Q&A: Dominic Christian, global chairman of reinsurance solutions, Aon
The Monte Carlo Rendez-Vous has returned to an in-person event after a two-year absence. Did the hiatus have any positive effects?
Virtually overnight, the pandemic completely transformed the way our industry operated. In the early days of lockdowns, I think we all questioned whether we as individuals, and as an industry, would be able to transact business as robustly without the face-to-face contact to which we had become accustomed, and which, for hundreds of years, had defined the way we worked – certainly in the London market.
Looking back, we can see that the period of absence from the office had the positive effect of accelerating the path we were always destined to tread – that of being able to operate digitally and remotely – but it is still amazing to consider how we mobilised our resources and transformed our operations in just a few weeks. Now, I think we have reached a position where we can optimise the use of our time through a blend of remote working and transacting, and face-to-face discussions.
The time spent not being able to meet at events such as the Rendez-Vous has made us appreciate, value, and hopefully maximise the time we are now able to spend together in person, and so I, like the many other delegates, am really excited about this year’s event, which, incidentally, comes during a period when it is more vital than ever for us to get together and discuss challenges.
Interestingly, this year’s Rendez-Vous discussions may not centre around cat losses, growth and opportunities, but more about maximising relationships, maintaining business resilience, and navigating potential volatility. The current macroeconomic conditions are challenging, potentially game-changing, and are affecting us all. We need to make sure we unite in being able to provide tools and solutions to get through this period of uncertainty, in order that our clients’ businesses remain robust.
What themes will be reflected in this year’s event?
Capacity. Climate change. Volatility. Of these, capacity will be the biggest discussion point. According to our most recent analysis, global reinsurer capital had reduced by around 11% to $600bn, and we saw at the mid-year renewals how challenging it had become for cedents to place certain business with their reinsurance partners. This trend may also be seen at the January 1 renewals, but we are confident that we will be in the best position to place client programmes and achieve successful outcomes. The problem is easily defined, and those with access to the broadest range of capital solutions – and the ability to blend those solutions – will be the ones best able to serve their clients.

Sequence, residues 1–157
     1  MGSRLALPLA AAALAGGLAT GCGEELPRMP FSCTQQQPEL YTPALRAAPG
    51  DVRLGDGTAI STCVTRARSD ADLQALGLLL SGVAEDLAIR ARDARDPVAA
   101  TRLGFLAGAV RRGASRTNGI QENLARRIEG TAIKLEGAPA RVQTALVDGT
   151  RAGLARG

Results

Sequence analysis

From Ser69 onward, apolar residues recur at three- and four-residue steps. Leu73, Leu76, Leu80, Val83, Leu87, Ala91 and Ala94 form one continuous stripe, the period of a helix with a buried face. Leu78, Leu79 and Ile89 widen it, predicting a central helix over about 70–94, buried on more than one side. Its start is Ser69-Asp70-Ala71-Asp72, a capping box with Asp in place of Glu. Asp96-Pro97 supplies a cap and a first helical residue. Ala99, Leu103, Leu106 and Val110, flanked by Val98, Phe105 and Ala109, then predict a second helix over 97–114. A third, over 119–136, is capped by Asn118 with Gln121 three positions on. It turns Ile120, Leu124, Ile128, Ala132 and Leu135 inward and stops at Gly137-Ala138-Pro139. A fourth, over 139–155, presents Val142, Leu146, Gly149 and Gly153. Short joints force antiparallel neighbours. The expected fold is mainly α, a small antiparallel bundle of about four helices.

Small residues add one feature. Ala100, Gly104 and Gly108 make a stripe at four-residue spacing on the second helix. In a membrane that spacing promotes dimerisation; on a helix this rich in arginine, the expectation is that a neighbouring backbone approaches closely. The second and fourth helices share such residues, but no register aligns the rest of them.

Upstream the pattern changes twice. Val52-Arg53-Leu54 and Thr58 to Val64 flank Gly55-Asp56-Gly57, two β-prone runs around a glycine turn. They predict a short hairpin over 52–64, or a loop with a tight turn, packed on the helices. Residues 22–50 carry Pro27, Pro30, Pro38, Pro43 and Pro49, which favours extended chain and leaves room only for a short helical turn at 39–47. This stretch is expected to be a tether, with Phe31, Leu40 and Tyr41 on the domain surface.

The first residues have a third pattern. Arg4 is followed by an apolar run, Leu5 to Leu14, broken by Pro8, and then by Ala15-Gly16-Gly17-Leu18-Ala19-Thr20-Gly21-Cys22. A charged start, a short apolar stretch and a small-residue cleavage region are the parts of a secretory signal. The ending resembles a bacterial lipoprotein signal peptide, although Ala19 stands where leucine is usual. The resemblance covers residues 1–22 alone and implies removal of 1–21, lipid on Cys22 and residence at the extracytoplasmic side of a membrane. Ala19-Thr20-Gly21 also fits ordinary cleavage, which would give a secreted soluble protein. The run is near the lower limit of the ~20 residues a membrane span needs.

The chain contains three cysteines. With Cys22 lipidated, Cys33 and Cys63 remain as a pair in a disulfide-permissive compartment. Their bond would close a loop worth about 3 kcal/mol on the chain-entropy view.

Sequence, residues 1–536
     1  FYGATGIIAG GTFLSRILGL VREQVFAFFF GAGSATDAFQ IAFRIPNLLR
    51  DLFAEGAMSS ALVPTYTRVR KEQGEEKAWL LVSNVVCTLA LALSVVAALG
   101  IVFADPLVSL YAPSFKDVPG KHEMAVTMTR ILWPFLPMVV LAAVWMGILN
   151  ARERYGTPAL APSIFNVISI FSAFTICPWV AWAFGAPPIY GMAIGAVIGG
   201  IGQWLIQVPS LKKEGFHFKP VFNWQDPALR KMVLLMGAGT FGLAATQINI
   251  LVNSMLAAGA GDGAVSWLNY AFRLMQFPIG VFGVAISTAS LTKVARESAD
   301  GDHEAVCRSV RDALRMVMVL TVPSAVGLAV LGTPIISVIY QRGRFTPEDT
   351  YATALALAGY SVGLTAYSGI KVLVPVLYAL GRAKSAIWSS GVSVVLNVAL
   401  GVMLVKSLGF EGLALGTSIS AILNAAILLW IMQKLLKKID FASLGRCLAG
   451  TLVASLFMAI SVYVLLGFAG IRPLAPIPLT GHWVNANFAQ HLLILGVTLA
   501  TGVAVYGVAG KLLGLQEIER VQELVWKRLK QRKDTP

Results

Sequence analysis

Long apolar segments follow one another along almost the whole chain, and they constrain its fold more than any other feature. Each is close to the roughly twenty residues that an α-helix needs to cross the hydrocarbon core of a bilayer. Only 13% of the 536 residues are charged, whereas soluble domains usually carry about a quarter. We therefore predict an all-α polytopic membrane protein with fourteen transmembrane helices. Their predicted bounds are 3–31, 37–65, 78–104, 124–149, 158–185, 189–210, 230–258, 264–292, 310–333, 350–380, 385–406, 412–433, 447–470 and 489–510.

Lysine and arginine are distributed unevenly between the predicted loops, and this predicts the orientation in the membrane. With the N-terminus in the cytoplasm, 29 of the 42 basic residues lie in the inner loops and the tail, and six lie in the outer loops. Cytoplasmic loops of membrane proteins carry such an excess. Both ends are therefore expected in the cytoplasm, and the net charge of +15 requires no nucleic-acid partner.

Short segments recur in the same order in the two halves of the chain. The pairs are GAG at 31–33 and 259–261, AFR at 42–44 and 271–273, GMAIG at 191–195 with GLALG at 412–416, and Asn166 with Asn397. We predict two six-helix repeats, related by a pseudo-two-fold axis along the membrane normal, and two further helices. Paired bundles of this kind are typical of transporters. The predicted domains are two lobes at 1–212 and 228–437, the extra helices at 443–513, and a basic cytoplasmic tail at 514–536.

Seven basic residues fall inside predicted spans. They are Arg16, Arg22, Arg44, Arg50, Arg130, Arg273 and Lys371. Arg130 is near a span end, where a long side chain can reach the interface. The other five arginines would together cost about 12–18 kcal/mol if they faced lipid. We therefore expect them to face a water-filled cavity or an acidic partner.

The renewals will be also focused on client differentiation: using advanced data, analytics, and modelling to help clients generate their own unique view of risk, which can then be taken to capital providers to create a compelling case for risk transfer.
As you will hear us say during the Rendez-Vous, reinsurers with a balanced, considered portfolio can still make very good returns, even when writing the more challenging areas of property cat business.
What are the biggest challenges facing the reinsurance industry in 2022?
Interest rate rises in the long-term should be a positive for re/insurers. In the short term, we obviously have the issue of inflation, which does have the potential to create challenges both on the primary and reinsurance sides of the business.
Re/insurers are wary about being caught off-guard; in the current environment, inflation is so pervasive, volatile, and fast-moving, that it can be very difficult to track exposures across complex, global portfolios. At the January renewals, reinsurers will be looking at insurers’ strategies for managing inflation as part of their risk assessment and risk pricing, and so this is an area in which we are spending a lot of time helping our clients navigate potential volatility.
Climate change is one of the biggest risks facing the industry. What impact will this have in terms of future profitability?
Climate change is indeed a huge risk for us all, but as an industry we should be looking at the opportunities as well as the challenges. Re/insurers are in the business of risk-taking, which means that we should always be focused on developing the best ways to identify and assess risk in order that it can then be priced appropriately. If risk is priced appropriately, then re/insurers can make positive returns.
In terms of climate change, the risk assessment is getting better and better. Aon’s own approach is to develop a wide range of academic collaborations in order that we can build increasingly robust climate change considerations into our global catastrophe modelling suite. In this regard, we are working with leading academic institutions such as Karlsruhe Institute of Technology, Columbia University, and the University of California-Merced & Los Angeles, to bring the latest peer reviewed science into our models across multiple perils and geographies. This enables us to offer clients risk analyses based on the very latest climate data, thereby enabling them to make better business decisions through the more accurate pricing of risk.
This level of insight and functionality will rightly become expected by our clients.